I want to share the gospel of speech production; I want to show people that speech is more than just an everyday occurrence, and I want people to know that the alveolar tap in “later” can be just as graceful and precise as any figure skater’s finest trick. I’m passionate about Phonetics, and I think it’s genuinely important. Let me try and explain why.
What do speech sounds have to do with invisible aliens?
All linguists need some background in Phonetics, even if they don’t find it as interesting as I do. I remember that in my undergrad phonetics class, a lot of people really didn’t like it, and even though they wanted to be linguists, they didn’t understand why. Well, I’m going to try and explain why you need Phonetics. Let’s use a metaphor here:
We’ve likely all seen bad Sci-Fi action movies. More specifically, you’ve probably seen a movie where they have to deal with an invisible enemy. Sometimes it’s a guy in an invisibility suit, sometimes it’s a killer alien, sometimes it’s a stealth ship. No matter what, they always lose three or four expendable characters to some invisible menace before they wise up to what’s going on.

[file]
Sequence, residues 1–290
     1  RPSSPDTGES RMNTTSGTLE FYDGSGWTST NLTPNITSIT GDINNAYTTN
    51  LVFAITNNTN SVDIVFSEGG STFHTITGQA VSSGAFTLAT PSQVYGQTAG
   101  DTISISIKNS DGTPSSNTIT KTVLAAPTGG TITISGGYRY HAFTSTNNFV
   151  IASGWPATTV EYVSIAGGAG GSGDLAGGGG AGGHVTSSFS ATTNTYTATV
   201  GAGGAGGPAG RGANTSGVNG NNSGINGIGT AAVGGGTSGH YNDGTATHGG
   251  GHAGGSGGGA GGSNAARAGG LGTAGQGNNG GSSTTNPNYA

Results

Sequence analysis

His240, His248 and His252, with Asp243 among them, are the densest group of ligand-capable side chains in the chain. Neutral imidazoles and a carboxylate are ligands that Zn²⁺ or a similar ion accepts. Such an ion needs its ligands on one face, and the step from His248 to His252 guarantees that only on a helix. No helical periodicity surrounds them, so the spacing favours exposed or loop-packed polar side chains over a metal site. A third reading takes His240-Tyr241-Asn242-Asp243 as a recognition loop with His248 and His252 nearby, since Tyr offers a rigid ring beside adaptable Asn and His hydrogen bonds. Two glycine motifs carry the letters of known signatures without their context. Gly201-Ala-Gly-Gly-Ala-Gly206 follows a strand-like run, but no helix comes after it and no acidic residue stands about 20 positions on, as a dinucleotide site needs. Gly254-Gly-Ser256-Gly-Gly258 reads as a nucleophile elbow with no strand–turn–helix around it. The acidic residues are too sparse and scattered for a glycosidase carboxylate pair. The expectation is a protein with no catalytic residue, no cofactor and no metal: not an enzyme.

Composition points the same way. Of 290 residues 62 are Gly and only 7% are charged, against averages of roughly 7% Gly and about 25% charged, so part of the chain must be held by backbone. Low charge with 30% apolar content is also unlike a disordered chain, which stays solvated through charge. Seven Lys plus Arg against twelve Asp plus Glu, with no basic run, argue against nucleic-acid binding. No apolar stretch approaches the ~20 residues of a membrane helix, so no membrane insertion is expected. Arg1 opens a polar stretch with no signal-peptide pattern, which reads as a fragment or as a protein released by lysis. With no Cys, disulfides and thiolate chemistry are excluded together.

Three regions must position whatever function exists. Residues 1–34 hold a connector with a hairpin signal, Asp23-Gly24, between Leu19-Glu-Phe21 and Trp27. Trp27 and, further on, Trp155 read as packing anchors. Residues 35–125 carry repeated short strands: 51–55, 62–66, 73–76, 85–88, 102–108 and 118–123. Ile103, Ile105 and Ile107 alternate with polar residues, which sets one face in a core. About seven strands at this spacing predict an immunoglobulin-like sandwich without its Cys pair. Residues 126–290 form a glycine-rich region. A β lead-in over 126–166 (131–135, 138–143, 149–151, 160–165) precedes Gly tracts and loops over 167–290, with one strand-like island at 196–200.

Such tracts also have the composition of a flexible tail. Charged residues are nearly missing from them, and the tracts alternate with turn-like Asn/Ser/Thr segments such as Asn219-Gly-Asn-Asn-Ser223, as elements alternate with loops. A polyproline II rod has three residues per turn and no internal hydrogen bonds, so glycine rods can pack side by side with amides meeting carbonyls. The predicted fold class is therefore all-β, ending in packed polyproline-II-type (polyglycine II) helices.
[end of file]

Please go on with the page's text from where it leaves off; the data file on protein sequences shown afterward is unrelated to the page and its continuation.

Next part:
Now, imagine you’re writing a grammar of a language that’s never been described before, but you’ve never really had any phonetics training. You’re making good progress, analyzing the structures, translating words, and figuring out what the speaker is doing. Then suddenly, disaster strikes. You’re stuck with these two (made-up) sentences:
- nalo bi (meaning “He saw the shrimp”)
- nalo bi (meaning “He saw the necklace”)
You’ve checked and rechecked your data, but every time you ask the speaker to say those two sentences, he or she tells you the same thing. You’ve checked with other speakers to make sure it’s not a context thing, and when you repeat them back, you’re either “mispronouncing it”, or their translation varies. At this point, you’ve got the Linguistic equivalent of an invisible alien attacking your grammar.
In our bad Sci-Fi movie, what usually happens once they figure out that the invisible aliens are, forgiving the internet meme, in their base, eatin’ their doodz? Well, the nerdy guy in the basement workshop rigs up a set of (ultraviolet/thermal/spectral/force)-imaging goggles, which let you see the aliens clear as day. Then, they all go outside with their spiffy goggles, kill the aliens, get the parts for their ship, and get back to Earth. In bad movies, all you need to do to defeat an invisible alien is to learn how to detect it.
So, you’re still stuck staring at the “nalo bi” issue in your language. To you, these words sound almost exactly alike, but to the speakers, they’re obviously different. This is where Phonetics training comes in handy.
Phonetics: Invisible alien killer extraordinaire